Best Hybrid Cameras for Photography and Video in 2024

We don’t often extensively cover video gear here at PetaPixel, but we thought it might be helpful to cover some of the best hybrid cameras out there — those cameras geared toward both photographers and videographers.

With the nearly industry-wide move away from DSLRs and over to mirrorless have also come significant advancements in video technology and performance in camera bodies that are traditionally stills oriented. More and more people are interested in shooting video — whether it’s vlogging or filmmaking or something else — and more and more professionals are juggling jobs as both photographers and videographers.

As such, we wanted to put together a list of cameras that best suit the needs of such users.

What We’re Looking For

There are a number of things to consider in a list like this, which is always inherently quite subjective. First, we have approached this list from the perspective of users who do a relatively even balance of photography and video work — the choices need to excel fairly equally as stills cameras and as video cameras. Therefore, while some cameras are technically hybrid, like the Panasonic Lumix S1H or Canon R5C, these were disqualified because they are overwhelmingly geared more toward video users than photographers.

So, we are looking at just about every aspect you want in a good hybrid camera for each category. For video, we want cameras that excel in image quality, bit-depth, bitrate, codecs, inputs and outputs, filmmaking tools like shutter angle or false color, autofocus, rolling shutter, etc. For stills, we are looking for things like dynamic range and overall image quality, autofocus performance, build and ergonomics, frame rates, and all the other features that we shutterbugs love. And naturally, price and other factors like the native lens ecosystem play a considerable role.

So, here are our picks for the best hybrid cameras currently on the market, broken down into seven categories.

At a Glance

Best Overall Hybrid Camera: Fujifilm X-H2s

Fujifilm’s flagship APS-C camera and long-awaited follow-up to 2018’s X-H1 was released last year to much acclaim. The Fujifilm X-H2s sports a stacked sensor design — the first for an APS-C camera — with 26.1MP of resolution, and Fujifilm’s proprietary X-Trans array, the X-H2s is a powerhouse camera. Thanks to the extraordinarily fast readout speed of the stacked sensor (1/180 of a second) and the new X-Processor 5, it can shoot 40 uncompressed RAW frames per second with continuous autofocus and without any EVF blackout for up to 140 RAW frames.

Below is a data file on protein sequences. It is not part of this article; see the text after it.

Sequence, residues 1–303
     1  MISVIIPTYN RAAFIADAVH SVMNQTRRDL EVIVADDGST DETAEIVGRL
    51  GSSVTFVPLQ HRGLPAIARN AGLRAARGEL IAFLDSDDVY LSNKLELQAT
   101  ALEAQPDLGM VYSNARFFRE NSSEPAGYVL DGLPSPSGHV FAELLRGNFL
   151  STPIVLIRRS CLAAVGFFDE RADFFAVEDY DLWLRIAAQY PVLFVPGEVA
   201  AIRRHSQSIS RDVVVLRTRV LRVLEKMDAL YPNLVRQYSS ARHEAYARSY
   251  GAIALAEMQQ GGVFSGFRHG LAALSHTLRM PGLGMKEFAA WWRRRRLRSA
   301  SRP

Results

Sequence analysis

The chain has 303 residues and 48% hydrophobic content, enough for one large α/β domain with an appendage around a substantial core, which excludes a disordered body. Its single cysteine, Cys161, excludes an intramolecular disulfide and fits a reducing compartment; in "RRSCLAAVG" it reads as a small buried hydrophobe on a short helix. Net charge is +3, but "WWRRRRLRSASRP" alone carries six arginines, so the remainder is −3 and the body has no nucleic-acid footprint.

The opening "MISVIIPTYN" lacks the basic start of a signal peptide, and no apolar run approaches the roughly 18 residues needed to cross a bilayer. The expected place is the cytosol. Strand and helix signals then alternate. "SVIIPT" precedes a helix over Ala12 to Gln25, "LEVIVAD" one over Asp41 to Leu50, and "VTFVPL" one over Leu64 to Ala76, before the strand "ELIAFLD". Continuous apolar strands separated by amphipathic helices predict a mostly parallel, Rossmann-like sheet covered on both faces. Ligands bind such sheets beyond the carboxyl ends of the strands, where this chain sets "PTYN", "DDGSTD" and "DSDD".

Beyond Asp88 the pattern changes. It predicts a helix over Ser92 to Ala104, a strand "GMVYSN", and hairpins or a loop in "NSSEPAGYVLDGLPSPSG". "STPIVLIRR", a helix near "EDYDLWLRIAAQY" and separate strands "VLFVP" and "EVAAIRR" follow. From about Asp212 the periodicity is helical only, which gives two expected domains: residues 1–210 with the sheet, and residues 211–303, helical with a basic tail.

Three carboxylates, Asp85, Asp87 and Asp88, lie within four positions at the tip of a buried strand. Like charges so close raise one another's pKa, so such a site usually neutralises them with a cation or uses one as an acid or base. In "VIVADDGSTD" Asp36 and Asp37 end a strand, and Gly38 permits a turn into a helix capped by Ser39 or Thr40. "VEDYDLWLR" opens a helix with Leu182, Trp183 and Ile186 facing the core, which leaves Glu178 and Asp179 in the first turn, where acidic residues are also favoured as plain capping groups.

The X-H2s’s body features a considerable grip, a PASM dial with seven custom modes, a 5.76m-dot OLED viewfinder with 0.8x (equivalent) magnification, vari-angle 1.62m-dot, 3.0” rear LCD, 1.28” top panel LCD, 5-axis IBIS rated for seven stops, dual card slots (one CFexpress Type B and one UHS-II SD), full-size HDMI Type-A port, USB 3.2 Gen 2 Type-C port, and a large NP-W325 battery that is CIPA rated for 720 shots in Economy Mode. An optional VG-XH Vertical Grip is available, as is the Fujifilm FAN-001 Cooling Fan, which helps cool the camera body to extend video recording time.

FAN-001 extends recording time

The camera’s video capabilities are as impressive as its photo features, placing the X-H2s firmly in the hybrid category. Internal 10-bit 4:2:2 recording in DCI 4K at up to 120 fps (1080 HD at up to 240 fps), as well as 6.2K open-gate recording at up to 30 fps. The latter is a rather unique feature — Panasonic is the only other company that allows for open gate recording in its hybrid models. The X-H2s offers not only H.265 recording but also internal ProRes 422 HQ in both DCI 4K and open gate 6.2K. The camera’s full-size HDMI port allows for external ProRes RAW and Blackmagic RAW (with appropriate recorder) output at various resolutions up to 6.2K. Fujifilm also debuted its new F-Log2 gamma curve in the X-H2s, which supports higher dynamic range and is particularly conducive to filmmaking and HDR video.

Uniquely, the X-H2s allows users to select either 14-bit or 12-bit readout when shooting video (F-Log2 is only available with 14-bit). And thanks to the camera’s stacked sensor, DCI 4K reads out at an astonishing 9.5ms in 14-bit mode and an even better 5.5ms in 12-bit, while open gate 6.2K is around 11.5ms in 14-bit mode. These are among the best rolling shutter values of any camera — hybrid or otherwise.

The Fujifilm X-H2s has it all – excellent image quality, robust build, excellent ergonomics, superb autofocus tracking and shooting speeds, and some of the best video specifications of any hybrid camera. While it isn’t full-frame, Fujifilm does have the best line-up of APS-C lenses – both Fuji branded and third-party – and its APS-C sensor closely mirrors the Super 35 film/sensor size traditionally used in filmmaking. It is also significantly cheaper than any stacked-sensor full-frame camera, making it the best all-around option for most users.

PetaPixel’s review of the Fujifilm X-H2s can be found here.

Best Full-Frame Hybrid Camera: Nikon Z8